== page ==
A PBR-loving, supergirl cancer warrior currently fighting stage IV medulloblastoma. She enjoys arts and crafts of all kinds, cooking, playing games and making jewelry. She also loves circuit boards, making slime and loves to paint. She is a huge P!nk fan and was lucky enough to see her live last weekend!
In 2017, Emma was a straight-A student heading into sixth grade. As a 5th grader, she received ‘Student of the Month’ seven times. She was recognized for helping classmates, was on the honor roll, and a member of the student council. She was even a member of the robotics team for a year. Emma’s mother, Megan, said she was called several times throughout the school year because Emma was late for class. It turns out “she took too long hugging her former teachers and other students in the hall and was late,” recalls Megan.
In May 2018, Emma began dropping weight. She started vomiting occasionally but nothing too alarming. She was increasingly lethargic, had no appetite and headaches had started. After one episode of violent vomiting, Megan took Emma to the doctor but without a pattern, the doctor thought it was puberty. After swimming one day, Emma told her mother she was exhausted, which was out of character.
Megan received a call that weekend from Emma’s dad after Emma was found vomiting in her bed. Emma was taken to the emergency room twice in the same day. On the second trip to the ER, a CT was ordered and ten minutes later Emma and her mother were given the news of her Medulloblastoma cancer diagnosis. “We were just in shock. We are still in shock. I have three friends with kids who have brain tumors. Two have died, Emma thought she was dying,” remembers Megan.
In the span of ten minutes, Emma’s life changed forever. Megan said that the doctor said, “we see a mass, she is being flown to Oklahoma City.” It took a few minutes before I could catch my breath. I held Emma’s hand and I told her straight up. “Emma, the doctors say they see a tumor and we have to fly to Oklahoma City for another doctor to look at you.” Emma said, “Momma, I will be your angel, and when it is time for you to come, I will come get you.” Heartbreaking.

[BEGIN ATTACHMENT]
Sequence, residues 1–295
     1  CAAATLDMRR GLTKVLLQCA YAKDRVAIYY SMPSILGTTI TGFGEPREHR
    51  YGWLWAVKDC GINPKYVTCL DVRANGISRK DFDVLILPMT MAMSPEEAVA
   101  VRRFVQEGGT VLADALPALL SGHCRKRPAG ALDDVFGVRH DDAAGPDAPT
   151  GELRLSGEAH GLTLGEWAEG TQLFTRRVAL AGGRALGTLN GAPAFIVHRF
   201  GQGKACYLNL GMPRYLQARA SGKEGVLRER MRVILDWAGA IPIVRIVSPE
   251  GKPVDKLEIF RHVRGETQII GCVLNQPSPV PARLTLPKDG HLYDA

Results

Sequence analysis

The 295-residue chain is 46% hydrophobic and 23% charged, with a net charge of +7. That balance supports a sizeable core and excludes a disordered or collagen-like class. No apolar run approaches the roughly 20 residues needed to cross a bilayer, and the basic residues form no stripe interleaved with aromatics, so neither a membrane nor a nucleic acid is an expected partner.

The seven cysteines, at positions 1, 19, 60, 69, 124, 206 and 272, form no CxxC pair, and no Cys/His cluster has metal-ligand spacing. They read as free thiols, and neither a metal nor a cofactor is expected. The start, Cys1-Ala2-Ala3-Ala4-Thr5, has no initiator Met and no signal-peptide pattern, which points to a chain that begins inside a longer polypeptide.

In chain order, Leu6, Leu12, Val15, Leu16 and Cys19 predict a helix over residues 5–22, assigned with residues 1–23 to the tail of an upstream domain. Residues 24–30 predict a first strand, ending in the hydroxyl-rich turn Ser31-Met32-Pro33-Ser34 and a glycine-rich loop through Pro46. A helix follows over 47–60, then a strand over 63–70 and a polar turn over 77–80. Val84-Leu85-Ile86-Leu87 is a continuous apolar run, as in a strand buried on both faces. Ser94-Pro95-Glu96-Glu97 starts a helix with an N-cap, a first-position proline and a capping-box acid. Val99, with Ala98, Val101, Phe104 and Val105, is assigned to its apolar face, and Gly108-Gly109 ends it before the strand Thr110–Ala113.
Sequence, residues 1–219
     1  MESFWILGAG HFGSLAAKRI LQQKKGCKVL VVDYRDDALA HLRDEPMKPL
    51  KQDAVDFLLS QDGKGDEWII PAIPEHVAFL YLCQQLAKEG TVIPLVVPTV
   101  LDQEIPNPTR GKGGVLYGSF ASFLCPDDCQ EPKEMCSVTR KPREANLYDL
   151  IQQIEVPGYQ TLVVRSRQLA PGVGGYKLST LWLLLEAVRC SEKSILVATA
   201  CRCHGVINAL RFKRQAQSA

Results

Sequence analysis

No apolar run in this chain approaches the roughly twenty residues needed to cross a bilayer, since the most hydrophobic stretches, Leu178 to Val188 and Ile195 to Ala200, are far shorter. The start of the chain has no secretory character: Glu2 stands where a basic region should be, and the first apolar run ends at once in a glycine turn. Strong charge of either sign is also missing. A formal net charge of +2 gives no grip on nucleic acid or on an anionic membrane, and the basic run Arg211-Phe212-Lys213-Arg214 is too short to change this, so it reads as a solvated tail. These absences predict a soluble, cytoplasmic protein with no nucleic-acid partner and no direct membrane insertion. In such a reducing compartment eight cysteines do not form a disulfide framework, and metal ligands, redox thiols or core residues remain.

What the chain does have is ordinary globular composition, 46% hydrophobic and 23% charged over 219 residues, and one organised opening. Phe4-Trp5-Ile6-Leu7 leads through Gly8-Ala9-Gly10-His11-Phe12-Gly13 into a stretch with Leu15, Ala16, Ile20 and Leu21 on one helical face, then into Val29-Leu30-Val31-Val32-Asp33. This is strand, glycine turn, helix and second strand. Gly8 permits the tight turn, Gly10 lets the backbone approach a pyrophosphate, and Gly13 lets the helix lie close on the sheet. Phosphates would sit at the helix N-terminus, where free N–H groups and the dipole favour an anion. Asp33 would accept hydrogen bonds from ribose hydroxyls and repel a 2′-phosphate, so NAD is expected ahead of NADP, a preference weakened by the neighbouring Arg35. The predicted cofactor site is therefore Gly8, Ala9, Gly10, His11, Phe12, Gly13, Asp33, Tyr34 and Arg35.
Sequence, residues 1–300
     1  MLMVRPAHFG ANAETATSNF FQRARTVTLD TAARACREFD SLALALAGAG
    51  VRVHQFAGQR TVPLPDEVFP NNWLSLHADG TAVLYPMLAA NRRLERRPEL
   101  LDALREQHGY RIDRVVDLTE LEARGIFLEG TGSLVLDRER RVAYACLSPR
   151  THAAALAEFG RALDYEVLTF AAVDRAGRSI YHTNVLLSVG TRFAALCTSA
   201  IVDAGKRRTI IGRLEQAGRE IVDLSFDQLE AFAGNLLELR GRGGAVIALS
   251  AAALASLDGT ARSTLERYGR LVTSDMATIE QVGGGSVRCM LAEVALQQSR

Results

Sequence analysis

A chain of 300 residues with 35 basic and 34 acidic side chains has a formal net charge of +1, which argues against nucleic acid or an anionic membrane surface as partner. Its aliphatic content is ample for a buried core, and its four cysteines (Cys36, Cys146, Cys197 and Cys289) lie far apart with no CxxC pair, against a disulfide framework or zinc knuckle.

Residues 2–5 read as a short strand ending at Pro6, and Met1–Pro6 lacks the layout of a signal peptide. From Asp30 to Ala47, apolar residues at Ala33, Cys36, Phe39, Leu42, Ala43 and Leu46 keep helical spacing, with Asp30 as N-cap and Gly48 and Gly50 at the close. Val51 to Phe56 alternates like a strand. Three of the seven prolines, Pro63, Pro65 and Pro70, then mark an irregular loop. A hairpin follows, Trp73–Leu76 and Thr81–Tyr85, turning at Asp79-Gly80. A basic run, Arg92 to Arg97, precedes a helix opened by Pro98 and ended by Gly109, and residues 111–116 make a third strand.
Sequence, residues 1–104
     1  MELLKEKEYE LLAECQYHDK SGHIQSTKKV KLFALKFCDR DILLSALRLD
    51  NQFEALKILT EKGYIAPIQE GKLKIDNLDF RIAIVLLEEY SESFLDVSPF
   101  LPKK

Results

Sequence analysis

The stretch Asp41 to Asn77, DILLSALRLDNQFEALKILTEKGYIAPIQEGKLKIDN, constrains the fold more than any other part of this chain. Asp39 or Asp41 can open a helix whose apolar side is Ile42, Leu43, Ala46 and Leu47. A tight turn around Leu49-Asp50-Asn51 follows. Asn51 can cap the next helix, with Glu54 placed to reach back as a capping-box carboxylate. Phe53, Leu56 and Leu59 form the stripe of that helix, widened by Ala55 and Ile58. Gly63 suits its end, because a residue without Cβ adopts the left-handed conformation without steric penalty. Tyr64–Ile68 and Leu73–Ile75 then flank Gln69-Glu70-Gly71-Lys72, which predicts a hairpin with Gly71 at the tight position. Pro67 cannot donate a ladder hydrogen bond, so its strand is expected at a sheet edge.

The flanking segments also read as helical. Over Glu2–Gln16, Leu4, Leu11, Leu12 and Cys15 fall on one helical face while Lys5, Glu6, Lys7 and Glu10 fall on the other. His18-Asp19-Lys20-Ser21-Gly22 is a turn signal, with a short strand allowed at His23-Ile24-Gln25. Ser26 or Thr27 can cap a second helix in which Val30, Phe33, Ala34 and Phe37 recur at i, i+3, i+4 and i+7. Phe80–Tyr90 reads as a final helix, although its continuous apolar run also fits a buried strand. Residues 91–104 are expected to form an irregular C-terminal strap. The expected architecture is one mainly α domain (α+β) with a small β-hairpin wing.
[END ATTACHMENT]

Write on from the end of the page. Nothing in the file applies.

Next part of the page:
Emma was transferred to OKC and admitted to the PICU where a shunt was placed and an MRI was performed two days later. The next day, the tumor was removed during her craniotomy. After a preliminary diagnosis of medulloblastoma that was believed to be cancerous, it was confirmed two days later. Treatment has consisted of a port placement, 30 proton therapy treatments, lumbar puncture, chemotherapy, MRI’s of the spine and head under general anesthesia, bone targeted therapies (BTT), bilateral tubes, and multiple hospitalizations. Since Emma’s tumor is so rare, she is currently in a trial where she gets 25% less chemo and proton therapy doses. She’s the only one participating in this study because of the rarity of the tumor. Her results will help to change the way cancer is treated.
Getting through treatment has been hard on Emma. When she started treatment she was an outgoing sixth grader. Since losing her hair she’s become withdrawn from other children. Despite her difficulties she continues to work diligently on her school assignments and doing Epic Charter School.
As a result of her diagnosis, Emma suffers from anxiety and depression, decreased fine motor skills and complete left sided deafness. However, Megan says, “She has finally embraced beauty and that it comes in lots of different ways. She is funny and spirited – and yet will lay in my lap and cry often at night.” Emma can be described as ornery, witty and a quick thinker – and her mom wouldn’t have it any other way.
More about Medulloblastoma
Medulloblastoma is a cancerous (malignant) brain tumor that starts in the lower back part of the brain, called the cerebellum. The cerebellum is involved in muscle coordination, balance and movement.
Medulloblastoma tends to spread through cerebrospinal fluid (CSF) — the fluid that surrounds and protects your brain and spinal cord — to other areas around the brain and spinal cord. This tumor rarely spreads to other areas of the body.
For more information on Medulloblastoma please visit: https://www.acco.org/brain-cancers/
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About American Childhood Cancer Organization
The American Childhood Cancer Organization was founded in 1970 by parents of children and adolescents diagnosed with cancer. As the nation’s oldest and largest grassroots organization dedicated to childhood cancer, ACCO is committed to shaping policy, supporting research, raising awareness, and providing free educational resources to kids with cancer, survivors, and their families. Additionally, ACCO is the sole U.S. member of Childhood Cancer International (CCI) and has helped support more than half a million families over the past 50 years. Help make childhood cancer a national health priority because kids can’t fight cancer alone®.
For more information about how ACCO can help your family, call 855.858.2226 or visit: